Offer flex time or remote-working polices
With technology like video conferencing and cloud storage, employees around the world can share ideas and files as if they were right next to each other. These advances in communication have made it possible for many industries to operate with some or all of their employees working remotely. Consider if your company is in one of these industries; whether there’s a need for employees to actually be in the office to be productive. If not, allow your employees—especially parents—the chance to utilize flex time, work remotely, or work part-time.
If you can’t give your employees the option to work remotely, consider offering childcare at your workplace. This will not only allow your employees to continue their regular work hours, but it will give them peace of mind knowing their child is close by. If you have a large enough company, you can invest in an on-site daycare program. If you don’t have enough employees to make this kind of initiative worth the investment, you can partner with nearby companies to create a program.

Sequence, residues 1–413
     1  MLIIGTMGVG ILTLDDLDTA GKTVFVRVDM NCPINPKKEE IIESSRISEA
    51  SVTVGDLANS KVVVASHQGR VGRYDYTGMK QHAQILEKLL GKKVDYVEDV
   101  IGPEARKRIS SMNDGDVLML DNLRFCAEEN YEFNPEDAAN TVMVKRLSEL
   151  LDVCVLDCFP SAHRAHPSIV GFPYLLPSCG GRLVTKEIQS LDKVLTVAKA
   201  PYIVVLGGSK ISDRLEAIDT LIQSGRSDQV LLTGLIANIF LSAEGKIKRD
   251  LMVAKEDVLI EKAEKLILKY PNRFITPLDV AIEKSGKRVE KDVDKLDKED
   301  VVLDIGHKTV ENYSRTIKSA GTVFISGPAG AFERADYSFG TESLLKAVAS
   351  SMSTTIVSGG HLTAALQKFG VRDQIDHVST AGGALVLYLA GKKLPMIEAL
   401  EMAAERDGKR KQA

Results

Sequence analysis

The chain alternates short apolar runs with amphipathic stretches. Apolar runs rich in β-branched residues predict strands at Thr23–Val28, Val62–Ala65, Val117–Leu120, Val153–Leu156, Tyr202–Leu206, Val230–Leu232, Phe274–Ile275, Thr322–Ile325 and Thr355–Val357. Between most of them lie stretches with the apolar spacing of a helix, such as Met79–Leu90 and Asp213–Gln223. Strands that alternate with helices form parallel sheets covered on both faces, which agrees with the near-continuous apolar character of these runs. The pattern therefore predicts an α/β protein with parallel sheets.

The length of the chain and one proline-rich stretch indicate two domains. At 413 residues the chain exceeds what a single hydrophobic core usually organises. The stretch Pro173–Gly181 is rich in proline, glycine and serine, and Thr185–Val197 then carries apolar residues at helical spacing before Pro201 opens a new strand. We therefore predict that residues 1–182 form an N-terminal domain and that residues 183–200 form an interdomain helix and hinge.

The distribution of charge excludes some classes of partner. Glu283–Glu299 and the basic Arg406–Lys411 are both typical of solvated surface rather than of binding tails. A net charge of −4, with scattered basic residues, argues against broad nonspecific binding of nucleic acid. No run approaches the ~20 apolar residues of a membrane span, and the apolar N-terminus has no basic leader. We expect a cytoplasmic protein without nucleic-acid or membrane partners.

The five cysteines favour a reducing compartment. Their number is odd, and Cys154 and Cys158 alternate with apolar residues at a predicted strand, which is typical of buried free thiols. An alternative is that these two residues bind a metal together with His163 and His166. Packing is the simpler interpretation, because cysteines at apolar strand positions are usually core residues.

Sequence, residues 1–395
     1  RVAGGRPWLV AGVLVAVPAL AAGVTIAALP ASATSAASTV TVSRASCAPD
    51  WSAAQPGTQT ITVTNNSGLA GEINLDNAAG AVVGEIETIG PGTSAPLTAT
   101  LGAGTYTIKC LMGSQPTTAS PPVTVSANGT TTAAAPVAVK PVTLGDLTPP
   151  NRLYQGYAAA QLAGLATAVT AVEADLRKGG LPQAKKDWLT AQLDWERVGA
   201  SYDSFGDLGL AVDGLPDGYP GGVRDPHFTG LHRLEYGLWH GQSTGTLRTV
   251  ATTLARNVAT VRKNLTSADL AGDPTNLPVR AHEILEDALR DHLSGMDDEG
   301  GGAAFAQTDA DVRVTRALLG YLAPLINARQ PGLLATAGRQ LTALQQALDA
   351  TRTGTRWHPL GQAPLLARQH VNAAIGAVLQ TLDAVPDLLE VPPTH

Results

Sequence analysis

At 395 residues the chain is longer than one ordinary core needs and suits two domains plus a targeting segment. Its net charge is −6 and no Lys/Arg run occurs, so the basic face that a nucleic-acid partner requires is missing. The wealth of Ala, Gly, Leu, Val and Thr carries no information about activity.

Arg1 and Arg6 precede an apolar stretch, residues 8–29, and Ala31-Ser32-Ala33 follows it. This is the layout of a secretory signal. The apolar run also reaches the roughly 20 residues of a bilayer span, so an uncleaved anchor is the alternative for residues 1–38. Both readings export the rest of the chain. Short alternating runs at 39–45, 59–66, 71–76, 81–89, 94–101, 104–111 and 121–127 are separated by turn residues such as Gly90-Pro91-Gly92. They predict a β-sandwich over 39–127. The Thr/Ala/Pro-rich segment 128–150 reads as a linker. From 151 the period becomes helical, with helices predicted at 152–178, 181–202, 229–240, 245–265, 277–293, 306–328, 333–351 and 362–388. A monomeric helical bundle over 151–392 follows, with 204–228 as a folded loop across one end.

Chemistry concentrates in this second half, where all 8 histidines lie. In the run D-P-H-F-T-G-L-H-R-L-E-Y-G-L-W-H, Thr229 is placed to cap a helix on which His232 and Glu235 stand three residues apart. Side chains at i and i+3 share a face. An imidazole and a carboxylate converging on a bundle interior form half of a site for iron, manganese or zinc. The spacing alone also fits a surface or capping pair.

Offer leniency for new parents
When new parents do return to the office, remember that they are juggling their workload with their responsibilities as a new parent. There’s a good chance they’re functioning on very little sleep. Respect that by not coming down too hard on them. At the same time, make sure you’re not belittling them or depriving them of difficult tasks because they are a parent. Let them dictate what sort of workload they can take on.
A parent-friendly environment can help immensely in employee retention and moral, so it’s very beneficial to ensure your office is parent-friendly.